Using circular references

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Rainer Weikusat

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Aug 17, 2021, 10:32:11 AMAug 17
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Something I've been doing quite a bit recently:

,----
| sub query
| {
| my $done = $_[0];
| my ($hndlr, $sk, $path);
|
| $sk = CaMgmt::CfgListener->new(SK);
|
| $hndlr = $muxer->add('hnet_reply', $sk, EPOLLIN,
| sub {
| $hndlr = undef;
| handle_hnet_reply($sk, $done);
| });
`----

The return value of this method is an object whose destructor will
deregister the event handler. The passed subroutine will be invoked to
handle the event. As it references $hndlr, the event will stay
registered until the even handling routine clears it[*], ie, due to the
circular reference, it's entirely self-sufficient wrt its
lifecycle-management.

[*] Slightly more complicated, actually: The subroutine invoking the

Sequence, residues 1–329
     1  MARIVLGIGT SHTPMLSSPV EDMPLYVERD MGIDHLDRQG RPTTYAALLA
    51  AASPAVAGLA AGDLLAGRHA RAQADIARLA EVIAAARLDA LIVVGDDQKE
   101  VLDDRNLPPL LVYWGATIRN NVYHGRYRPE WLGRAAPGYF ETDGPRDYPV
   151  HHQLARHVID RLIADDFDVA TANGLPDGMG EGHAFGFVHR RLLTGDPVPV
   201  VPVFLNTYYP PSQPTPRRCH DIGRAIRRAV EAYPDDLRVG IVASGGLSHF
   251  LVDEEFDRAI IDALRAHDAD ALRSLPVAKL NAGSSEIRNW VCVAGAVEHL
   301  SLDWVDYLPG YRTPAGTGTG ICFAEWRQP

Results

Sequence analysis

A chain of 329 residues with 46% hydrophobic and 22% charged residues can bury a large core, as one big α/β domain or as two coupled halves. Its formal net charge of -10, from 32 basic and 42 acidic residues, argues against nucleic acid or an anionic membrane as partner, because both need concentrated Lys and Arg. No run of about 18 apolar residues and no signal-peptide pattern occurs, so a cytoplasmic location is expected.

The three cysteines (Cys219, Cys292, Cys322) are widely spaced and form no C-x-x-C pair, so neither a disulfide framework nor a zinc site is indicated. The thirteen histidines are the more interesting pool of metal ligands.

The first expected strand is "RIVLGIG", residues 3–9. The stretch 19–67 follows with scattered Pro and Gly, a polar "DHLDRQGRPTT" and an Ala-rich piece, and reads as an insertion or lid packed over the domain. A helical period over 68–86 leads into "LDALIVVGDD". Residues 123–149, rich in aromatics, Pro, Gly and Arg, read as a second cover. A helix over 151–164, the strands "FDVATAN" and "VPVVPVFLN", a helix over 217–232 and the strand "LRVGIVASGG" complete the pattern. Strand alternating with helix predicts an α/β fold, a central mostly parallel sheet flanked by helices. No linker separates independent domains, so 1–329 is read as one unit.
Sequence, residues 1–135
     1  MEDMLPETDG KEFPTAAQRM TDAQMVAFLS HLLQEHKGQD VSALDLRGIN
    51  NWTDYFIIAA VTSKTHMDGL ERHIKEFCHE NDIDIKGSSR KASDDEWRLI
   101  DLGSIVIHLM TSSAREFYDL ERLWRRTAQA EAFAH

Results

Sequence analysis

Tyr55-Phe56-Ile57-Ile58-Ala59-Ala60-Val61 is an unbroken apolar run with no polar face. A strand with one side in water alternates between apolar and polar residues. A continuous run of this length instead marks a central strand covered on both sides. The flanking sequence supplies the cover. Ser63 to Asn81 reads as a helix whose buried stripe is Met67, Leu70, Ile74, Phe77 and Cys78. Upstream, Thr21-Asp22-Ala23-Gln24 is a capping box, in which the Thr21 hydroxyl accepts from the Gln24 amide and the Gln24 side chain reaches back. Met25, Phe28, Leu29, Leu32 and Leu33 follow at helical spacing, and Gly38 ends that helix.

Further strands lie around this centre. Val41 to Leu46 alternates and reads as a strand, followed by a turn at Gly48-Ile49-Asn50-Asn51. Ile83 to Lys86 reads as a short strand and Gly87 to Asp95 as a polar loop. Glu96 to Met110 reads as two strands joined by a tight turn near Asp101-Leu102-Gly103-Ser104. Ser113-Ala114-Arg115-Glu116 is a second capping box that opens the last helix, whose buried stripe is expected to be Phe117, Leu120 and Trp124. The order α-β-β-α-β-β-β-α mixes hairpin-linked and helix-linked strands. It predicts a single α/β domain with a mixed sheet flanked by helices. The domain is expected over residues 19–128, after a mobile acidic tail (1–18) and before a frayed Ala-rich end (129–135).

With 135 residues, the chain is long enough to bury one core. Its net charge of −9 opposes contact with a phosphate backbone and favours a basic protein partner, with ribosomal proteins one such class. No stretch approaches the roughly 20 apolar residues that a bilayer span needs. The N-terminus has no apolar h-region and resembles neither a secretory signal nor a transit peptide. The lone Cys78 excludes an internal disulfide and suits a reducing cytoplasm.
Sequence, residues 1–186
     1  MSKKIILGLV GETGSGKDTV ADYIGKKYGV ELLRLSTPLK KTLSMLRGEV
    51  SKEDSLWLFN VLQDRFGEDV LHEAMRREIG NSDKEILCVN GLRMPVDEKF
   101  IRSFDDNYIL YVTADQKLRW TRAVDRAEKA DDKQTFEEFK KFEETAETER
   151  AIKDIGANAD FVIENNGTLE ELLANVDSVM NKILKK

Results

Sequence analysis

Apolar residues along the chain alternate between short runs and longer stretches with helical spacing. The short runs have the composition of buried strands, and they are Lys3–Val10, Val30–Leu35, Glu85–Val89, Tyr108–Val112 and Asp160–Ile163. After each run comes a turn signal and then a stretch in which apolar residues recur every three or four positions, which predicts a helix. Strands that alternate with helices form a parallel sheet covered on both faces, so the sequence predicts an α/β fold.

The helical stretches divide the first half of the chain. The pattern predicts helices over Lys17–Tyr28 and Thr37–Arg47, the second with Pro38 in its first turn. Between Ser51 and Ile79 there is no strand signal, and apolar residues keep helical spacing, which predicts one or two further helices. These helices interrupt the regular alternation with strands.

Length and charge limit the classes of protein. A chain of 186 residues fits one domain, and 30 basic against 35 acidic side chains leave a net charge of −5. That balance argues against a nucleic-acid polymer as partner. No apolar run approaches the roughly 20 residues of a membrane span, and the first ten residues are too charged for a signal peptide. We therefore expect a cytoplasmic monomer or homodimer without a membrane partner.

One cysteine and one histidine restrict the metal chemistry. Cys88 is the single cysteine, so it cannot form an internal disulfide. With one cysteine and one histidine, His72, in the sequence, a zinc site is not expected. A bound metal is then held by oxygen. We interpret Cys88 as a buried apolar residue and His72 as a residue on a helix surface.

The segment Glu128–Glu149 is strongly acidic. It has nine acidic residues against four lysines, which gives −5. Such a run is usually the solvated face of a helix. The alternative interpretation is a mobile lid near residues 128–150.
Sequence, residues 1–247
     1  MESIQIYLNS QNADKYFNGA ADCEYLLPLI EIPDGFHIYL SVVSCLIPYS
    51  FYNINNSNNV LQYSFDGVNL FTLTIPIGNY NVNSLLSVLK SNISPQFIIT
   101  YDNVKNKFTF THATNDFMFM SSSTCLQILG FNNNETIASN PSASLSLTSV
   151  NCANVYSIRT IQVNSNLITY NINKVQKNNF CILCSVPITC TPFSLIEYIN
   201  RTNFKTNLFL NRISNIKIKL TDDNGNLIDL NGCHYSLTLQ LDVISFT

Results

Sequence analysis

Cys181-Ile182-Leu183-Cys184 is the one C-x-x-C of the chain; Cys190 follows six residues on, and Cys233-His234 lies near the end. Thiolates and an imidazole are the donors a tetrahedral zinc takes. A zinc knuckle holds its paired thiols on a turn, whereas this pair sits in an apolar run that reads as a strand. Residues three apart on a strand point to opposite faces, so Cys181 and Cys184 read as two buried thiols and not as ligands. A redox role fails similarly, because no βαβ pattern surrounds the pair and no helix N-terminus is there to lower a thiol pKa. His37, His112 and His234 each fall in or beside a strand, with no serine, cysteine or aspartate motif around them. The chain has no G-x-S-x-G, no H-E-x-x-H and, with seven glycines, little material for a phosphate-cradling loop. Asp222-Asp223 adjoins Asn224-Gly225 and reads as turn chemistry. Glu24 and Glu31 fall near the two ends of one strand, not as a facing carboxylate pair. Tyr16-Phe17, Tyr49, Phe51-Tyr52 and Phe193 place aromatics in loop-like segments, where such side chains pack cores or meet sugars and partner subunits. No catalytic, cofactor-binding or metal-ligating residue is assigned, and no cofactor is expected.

event handling routine will also hold a reference to the handler object
until the event handling function returned.


Ben Bacarisse

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Aug 17, 2021, 10:55:52 AMAug 17
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Rainer Weikusat <rwei...@talktalk.net> writes:

> Something I've been doing quite a bit recently:
>
> ,----
> | sub query
> | {
> | my $done = $_[0];
> | my ($hndlr, $sk, $path);
> |
> | $sk = CaMgmt::CfgListener->new(SK);
> |
> | $hndlr = $muxer->add('hnet_reply', $sk, EPOLLIN,
> | sub {
> | $hndlr = undef;
> | handle_hnet_reply($sk, $done);
> | });
> `----
>
> The return value of this method is an object whose destructor will
> deregister the event handler. The passed subroutine will be invoked to
> handle the event. As it references $hndlr, the event will stay
> registered until the even handling routine clears it[*], ie, due to the
> circular reference, it's entirely self-sufficient wrt its
> lifecycle-management.

Interesting technique.

--
Ben.
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